March 7th, 2021


Whoniversaries 7 March

i) births and deaths

7 March 1930: birth of Brian Hayles, writer of The Celestial Toymaker (First Doctor, 1966), The Smugglers (First Doctor, 1966), The Ice Warriors (Second Doctor, 1968), The Seeds of Death (Second Doctor, 1969), The Curse of Peladon (Third Doctor, 1971) and The Monster of Peladon (Third Doctor, 1974).

7 March 1934: birth of of Gordon Flemyng, director of Dr. Who and the Daleks (1965) and Daleks - Invasion Earth: 2150 A.D. (1966)

ii) broadcast and production anniversaries

7 March 1964: broadcast of "Five Hundred Eyes", third episode of the story we now call Marco Polo. Ping-Cho tells the story of Ala-eddin; Barbara is trapped in the cave of Five Hundred Eyes. (One of the lovely colour photos from the set.)

7 March 1970: broadcast of sixth episode of Doctor Who and the Silurians. The Doctor finds a cure for the Silurians' plague, but they capture him.

7 March 1981: broadcast of second episode of Logopolis. The Doctor and Adric travel to Logopolis on the instructions of the Watcher, not realising that they have brought Tegan with them and that the Master has followed them.

7 March 2005: Christopher Eccleston films his final scene.

iii) date specified in-universe:

7 March 2006: setting of World War Three (Ninth Doctor, 2005)

My tweets

train, tintin, leuven

A.I. Revolution vol 1, by Yuu Asami

Second frame (more or less) of third story in original and translation - you must read the text from right to left, of course. Both sentences are spoken by Sui's genius father.

This was one of the works of 20th-century sf set in the year 2021 that I listed a while back, but it took me a while to get hold of the English translation of the first volume. This is manga written for a teenage girls' magazine, which is not a sub-genre that I am at all familiar with; Vermillion the robot is being taught how to be human by his creator's teenage daughter Sui, and Feelings ensue.

I had to get to grips with reading right to left, and with the very fluid approach to frames - the story sometimes flows all over the page; and there's a lot of incidental detail that is hinted at rather than shown or told. But these are five solid enough sf stories with a firmly shared setup; Sui and her father are enmeshed in a society where some have an irrational hatred of robots, some are jealously trying to move in on her father's trade secrets, and Sui herself is trying to be a normal teenager in 2021 with a beautiful boy robot waiting for her at home. (Her mother is not mentioned at any point.)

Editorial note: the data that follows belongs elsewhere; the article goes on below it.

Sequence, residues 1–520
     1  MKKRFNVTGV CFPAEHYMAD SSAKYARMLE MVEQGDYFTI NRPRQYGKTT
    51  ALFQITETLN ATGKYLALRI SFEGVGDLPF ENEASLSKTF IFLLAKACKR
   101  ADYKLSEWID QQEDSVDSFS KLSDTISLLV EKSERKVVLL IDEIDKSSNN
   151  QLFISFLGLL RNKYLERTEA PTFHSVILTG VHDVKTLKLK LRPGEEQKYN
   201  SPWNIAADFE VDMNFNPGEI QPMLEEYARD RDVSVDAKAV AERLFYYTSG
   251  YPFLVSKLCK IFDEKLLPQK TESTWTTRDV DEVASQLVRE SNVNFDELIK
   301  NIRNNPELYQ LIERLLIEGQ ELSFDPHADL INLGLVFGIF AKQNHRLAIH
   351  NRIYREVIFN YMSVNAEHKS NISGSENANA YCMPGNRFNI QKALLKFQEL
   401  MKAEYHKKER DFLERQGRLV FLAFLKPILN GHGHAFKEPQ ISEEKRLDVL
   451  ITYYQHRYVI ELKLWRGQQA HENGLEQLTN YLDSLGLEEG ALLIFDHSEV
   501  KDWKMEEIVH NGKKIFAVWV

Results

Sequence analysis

It did seem to me that Vermillion the robot is a perfect unthreatening boyfriend in that he is good company, helps out with the house work and not a sexual prospect in any way - in the very first story, he calls out a predatory professional contact of Sui's father's; there is genuine physical peril for the characters in most of the stories, which Vermillion is usually able to help them to escape from. I still hate cute anthropomorphic robots as a theme, but this was far enough off my usual beat to keep me interested. I don't think I will bother with any more, though, I don't think that there will be any development of the overall story arc; it's really a case of this month's perilous situation. Still, you can get the first volume here.

I was trying to imagine how a British version of this would have looked, and actually it's not too difficult; scanning the storylines of Bunty over the years shows that a number of them did have robot-based plots. (There were fewer in Mandy, but still more than one.)